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Can There Be a 'Just Tax'?


 A. The Just Tax and the Just Price

For centuries before the science of economics was developed, men searched for criteria of the “just price.” Of all the innumerable, almost infinite possibilities among the myriads of prices daily determined, what pattern should be considered as “just”? Gradually it came to be realized that there is no quantitative criterion of justice that can be objectively determined.

Suppose that the price of eggs is 50¢ per dozen, what is the “just price”? It is clear, even to those (like the present writer) who believe in the possibility of a rational ethics, that no possible ethical philosophy or science can yield a quantitative measure or criterion of justice.

1 Comments in Response to

Comment by Ed Price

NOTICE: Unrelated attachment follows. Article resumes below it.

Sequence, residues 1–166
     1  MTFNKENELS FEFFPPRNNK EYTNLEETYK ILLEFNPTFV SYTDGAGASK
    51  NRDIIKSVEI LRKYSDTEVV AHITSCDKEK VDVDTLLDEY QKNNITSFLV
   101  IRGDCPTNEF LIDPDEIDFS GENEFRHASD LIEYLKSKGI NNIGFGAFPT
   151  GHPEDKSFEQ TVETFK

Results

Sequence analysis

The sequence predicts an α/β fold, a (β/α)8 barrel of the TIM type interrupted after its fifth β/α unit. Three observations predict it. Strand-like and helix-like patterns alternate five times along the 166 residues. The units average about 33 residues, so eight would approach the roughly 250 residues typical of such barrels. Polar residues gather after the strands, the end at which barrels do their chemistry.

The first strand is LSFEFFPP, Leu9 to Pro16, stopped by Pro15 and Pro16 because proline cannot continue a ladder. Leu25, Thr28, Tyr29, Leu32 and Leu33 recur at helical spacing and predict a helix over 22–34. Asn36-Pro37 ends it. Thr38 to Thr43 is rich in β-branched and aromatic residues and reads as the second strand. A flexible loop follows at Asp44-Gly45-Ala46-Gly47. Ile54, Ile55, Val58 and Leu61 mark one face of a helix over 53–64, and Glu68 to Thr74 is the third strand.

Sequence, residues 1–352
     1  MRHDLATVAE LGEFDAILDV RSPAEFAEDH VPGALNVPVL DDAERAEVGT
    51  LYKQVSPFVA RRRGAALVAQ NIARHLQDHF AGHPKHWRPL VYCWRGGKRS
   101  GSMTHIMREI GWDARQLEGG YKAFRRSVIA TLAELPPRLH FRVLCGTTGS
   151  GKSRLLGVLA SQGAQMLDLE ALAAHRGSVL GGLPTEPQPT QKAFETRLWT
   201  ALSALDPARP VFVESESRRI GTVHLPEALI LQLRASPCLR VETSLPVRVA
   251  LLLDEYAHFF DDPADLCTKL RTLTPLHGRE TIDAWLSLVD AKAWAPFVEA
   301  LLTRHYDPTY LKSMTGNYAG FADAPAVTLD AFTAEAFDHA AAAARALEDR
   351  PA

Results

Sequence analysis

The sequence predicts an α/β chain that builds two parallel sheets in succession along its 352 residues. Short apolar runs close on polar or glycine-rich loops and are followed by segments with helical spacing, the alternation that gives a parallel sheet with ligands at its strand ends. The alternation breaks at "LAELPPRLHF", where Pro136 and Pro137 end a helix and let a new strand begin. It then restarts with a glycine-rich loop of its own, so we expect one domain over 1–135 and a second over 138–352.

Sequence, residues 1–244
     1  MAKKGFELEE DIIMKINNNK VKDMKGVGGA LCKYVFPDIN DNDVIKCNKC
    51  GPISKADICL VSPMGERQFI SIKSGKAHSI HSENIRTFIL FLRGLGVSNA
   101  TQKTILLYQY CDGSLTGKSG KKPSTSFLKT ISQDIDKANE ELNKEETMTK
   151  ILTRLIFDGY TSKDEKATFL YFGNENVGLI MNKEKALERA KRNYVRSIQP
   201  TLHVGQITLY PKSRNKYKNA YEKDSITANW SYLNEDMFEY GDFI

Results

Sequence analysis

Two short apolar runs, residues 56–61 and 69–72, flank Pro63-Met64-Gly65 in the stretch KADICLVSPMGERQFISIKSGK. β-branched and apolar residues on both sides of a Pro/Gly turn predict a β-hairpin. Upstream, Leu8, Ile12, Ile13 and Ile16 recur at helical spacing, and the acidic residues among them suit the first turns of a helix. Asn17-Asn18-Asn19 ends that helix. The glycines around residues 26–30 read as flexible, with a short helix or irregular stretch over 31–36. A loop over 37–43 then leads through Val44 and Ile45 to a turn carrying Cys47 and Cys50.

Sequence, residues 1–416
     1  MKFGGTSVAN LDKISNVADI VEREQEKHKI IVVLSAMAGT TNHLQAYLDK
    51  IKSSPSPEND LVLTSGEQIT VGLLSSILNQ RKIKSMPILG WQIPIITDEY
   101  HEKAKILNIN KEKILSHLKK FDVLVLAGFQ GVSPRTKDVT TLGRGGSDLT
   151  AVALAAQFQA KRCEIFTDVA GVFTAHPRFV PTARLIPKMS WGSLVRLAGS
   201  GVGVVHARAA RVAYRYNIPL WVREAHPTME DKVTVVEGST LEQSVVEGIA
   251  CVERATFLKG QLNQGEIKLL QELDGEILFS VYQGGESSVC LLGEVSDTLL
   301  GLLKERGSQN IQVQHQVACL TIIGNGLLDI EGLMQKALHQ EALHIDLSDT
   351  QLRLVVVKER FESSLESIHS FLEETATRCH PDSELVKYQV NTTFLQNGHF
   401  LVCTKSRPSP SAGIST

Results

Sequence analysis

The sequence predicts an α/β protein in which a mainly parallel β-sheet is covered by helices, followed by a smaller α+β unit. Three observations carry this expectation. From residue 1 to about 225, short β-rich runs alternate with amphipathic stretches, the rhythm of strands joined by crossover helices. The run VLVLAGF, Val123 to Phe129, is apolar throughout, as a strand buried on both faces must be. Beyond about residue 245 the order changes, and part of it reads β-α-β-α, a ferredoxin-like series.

Entered on:

No, there can never be a just tax. Why not? Because if you volunteer - truly and freely volunteer - then it is not a tax. It is a donation or contribution.

"Tax" has to do with forcefully taking from others something that does not belong to you. The fact that you only take limited amounts simply shows your wisdom (or shrewdness) in letting the slaves retain something so that they can revive after the taxation. When they revive, they will be able to be taxed again another day, and you will get more.

No taxation is just. Not even if you truly tax others for their own good. The closest you might come to a just tax is, after the fact, the slaves might see that you have honestly and sincerely done good for them, and they might consider the tax to be a voluntary contribution to you and your system of taxation. But it still was not just in the first place.

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